Professor of Sociology
The former dean of the Faculty of Arts at McGill University, John A. Hall's career spans continents and disciplines. A sociologist by training, he received his undergraduate degree from Oxford University, where he was a Stapledon Scholar at Exeter College. He later pursued graduate work at Pennsylvania State University and received his Ph.D. from the London School of Economics for his dissertation, "The Crisis of the Edwardian Intelligentsia, 1900-20." A world-renowned expert on modern social history, sociological processes, and the work of philosopher and sociologist Ernest Gellner, Hall held faculty posts at Southampton University, the London School of Economics, and Harvard University prior to his appointment as a professor of sociology at McGill in 1991.
From 2001 until 2005, he held a James McGill Professorship there, a position established by the university's board of governors to recognize and reward McGill's most distinguished faculty members. In 1995, he was co-director of the Centre for the Study of Nationalism at Central European University in Prague and, from 1999 to 2002, he was a research professor in sociology at Queen's University in Belfast.
His numerous research grants, awards, and honors reflect his diverse interests and include a British Council grant for research in Hungary, a Milton Fund grant for research on defense costs and economic decline, a Leverhulme Fellowship for research on American hegemony, and a fellowship at the Swedish Collegium for Advanced Study in the Social Sciences. The author or editor of over 20 books on subjects ranging from modern European politics and the rise of capitalism to the sociology of literature and the anatomy of power, Hall is also currently completing three books on sociological theory and a biography of Ernest Gellner.
His reviews and commentaries are sought after by such publications as the Journal of Social Policy, Government and Opposition, the British Journal for the Philosophy of Science, Sociological Review, the American Journal of Sociology, and the European History Quarterly, among others.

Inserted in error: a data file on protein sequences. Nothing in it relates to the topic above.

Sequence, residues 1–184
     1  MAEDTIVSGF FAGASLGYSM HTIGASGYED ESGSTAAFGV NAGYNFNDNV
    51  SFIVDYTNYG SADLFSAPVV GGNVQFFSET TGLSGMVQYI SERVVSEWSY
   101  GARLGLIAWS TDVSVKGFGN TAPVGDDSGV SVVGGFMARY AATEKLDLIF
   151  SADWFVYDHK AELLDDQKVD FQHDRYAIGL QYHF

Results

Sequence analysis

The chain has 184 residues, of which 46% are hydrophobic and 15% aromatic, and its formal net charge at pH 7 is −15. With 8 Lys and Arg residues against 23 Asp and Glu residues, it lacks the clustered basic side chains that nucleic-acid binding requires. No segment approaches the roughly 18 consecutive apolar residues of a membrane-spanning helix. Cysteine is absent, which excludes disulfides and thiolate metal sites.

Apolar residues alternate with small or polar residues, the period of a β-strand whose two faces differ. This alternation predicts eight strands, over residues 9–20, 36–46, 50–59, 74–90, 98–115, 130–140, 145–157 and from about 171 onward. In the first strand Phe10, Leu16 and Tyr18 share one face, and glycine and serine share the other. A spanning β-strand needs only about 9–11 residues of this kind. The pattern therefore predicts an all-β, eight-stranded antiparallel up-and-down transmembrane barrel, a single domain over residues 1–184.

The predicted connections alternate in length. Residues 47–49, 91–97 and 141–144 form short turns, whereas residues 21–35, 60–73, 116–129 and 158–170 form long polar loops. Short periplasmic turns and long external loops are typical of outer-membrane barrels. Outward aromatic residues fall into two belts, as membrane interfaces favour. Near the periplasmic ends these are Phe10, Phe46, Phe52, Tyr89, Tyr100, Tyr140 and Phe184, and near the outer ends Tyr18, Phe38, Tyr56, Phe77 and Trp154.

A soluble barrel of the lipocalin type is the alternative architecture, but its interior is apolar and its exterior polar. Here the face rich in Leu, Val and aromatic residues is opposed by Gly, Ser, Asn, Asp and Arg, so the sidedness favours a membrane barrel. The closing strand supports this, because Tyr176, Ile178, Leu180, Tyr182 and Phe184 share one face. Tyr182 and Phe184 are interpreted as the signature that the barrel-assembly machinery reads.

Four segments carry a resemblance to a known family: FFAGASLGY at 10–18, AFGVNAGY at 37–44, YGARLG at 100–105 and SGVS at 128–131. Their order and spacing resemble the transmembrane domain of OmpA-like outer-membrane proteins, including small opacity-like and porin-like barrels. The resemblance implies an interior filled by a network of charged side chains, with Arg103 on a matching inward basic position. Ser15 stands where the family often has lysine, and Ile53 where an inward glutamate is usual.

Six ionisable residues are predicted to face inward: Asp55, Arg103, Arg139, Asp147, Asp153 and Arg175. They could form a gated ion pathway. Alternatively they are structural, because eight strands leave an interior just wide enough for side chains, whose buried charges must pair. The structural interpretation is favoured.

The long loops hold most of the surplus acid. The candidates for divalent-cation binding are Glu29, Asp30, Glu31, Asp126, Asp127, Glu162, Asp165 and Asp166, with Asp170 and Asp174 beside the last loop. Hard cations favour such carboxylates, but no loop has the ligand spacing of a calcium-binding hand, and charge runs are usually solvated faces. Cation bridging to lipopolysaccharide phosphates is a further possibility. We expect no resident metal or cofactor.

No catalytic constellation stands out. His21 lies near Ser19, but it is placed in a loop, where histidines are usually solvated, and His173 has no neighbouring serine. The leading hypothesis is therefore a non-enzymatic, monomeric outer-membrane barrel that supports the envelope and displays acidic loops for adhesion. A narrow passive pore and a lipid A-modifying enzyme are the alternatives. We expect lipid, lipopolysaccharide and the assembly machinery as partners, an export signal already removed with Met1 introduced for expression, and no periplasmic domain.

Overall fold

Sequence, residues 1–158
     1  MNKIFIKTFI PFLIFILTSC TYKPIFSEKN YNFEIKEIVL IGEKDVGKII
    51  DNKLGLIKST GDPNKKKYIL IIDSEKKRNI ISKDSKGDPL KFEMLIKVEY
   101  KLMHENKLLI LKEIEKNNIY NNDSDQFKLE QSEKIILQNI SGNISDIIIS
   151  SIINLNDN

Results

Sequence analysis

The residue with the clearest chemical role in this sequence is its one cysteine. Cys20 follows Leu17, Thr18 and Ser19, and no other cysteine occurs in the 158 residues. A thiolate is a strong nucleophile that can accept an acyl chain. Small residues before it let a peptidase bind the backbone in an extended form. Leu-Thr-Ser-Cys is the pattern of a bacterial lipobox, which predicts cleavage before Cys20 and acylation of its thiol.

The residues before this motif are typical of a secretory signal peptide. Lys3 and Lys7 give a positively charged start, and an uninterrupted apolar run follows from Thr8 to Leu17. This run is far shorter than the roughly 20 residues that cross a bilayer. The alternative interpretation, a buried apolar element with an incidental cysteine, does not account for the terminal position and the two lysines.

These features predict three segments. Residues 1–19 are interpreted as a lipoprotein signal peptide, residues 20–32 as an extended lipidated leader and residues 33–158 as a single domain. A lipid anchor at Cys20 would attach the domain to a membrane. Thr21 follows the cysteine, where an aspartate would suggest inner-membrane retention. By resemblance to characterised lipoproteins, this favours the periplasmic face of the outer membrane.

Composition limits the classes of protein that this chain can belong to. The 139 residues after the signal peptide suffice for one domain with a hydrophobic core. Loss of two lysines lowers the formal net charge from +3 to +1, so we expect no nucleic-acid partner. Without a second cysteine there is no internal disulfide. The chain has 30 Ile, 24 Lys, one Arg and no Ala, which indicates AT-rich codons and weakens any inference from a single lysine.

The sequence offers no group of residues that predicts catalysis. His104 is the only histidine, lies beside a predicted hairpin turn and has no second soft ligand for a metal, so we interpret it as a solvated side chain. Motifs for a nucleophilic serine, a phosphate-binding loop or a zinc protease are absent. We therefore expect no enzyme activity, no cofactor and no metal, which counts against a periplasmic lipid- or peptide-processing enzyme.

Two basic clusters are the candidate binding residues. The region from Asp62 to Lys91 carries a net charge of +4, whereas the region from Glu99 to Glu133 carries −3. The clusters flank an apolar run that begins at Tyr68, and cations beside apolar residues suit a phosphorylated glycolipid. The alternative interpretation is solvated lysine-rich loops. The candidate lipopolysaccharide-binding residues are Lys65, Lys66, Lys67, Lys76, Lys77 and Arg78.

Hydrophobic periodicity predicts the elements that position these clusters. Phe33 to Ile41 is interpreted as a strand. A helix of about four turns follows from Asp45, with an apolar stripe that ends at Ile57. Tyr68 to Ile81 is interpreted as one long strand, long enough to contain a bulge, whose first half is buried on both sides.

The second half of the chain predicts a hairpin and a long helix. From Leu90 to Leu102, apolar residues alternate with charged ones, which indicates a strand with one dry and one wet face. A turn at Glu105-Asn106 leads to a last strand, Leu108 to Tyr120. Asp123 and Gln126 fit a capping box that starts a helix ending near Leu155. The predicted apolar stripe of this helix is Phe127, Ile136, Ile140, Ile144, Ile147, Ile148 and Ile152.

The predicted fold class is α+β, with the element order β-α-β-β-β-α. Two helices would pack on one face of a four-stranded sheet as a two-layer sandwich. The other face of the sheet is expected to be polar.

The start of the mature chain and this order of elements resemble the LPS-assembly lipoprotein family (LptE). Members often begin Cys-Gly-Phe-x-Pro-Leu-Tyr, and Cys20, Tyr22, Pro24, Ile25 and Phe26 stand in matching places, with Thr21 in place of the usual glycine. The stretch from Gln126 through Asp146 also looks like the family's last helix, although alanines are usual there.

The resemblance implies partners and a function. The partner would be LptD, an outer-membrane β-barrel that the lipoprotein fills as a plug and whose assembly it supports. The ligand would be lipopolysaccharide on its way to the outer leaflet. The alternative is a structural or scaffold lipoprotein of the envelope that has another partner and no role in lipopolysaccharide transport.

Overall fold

Hall has been a visiting professor at Frankfurt University, the University of California at San Diego, Griffith University (Australia), Copenhagen University, and the Central European University in Prague. In addition to his honors and awards for outstanding scholarship, Hall received the H. Noel Fieldhouse Award for Excellence in Teaching while at McGill. He serves on the editorial board of Government and Opposition and has held editorial or advisory board memberships for the American Sociological Review and the British Journal of Sociology.
Professor of Economics
An expert in the fields of industrial organization, microeconomics, and law and economics, Christopher Snyder comes to Dartmouth from a distinguished career at George Washington University, where he taught from 1994 until 2005. During his time at George Washington, he also held visiting professorships at the University of Chicago, MIT, and the Australian National University.
A 1989 graduate of Fordham University, he went from there to MIT, where he received his Ph.D. in economics in 1994.
His articles have been widely published in scholarly journals. His research seeks to distill elegant representations of complex economic situations and to analyze them with mathematical tools such as game theory. While some of his research focuses on abstract methodological issues, much of it is ultimately aimed at answering questions of practical interest to public policy and corporate strategy. In recent years he has devoted significant attention to the economics of the pharmaceutical industry, with a special focus on the underlying economic processes driving the production of vaccines. He has also written on the business viability of so-called "open access" journals-peer-reviewed scholarly publications that are available online at greatly reduced cost to libraries and individuals, subsidized by higher fees charged to submitting authors. The focus of his scholarly work underscores his belief that an understanding of how companies compete in real-world markets is crucial for the design of effective government regulation and antitrust policies.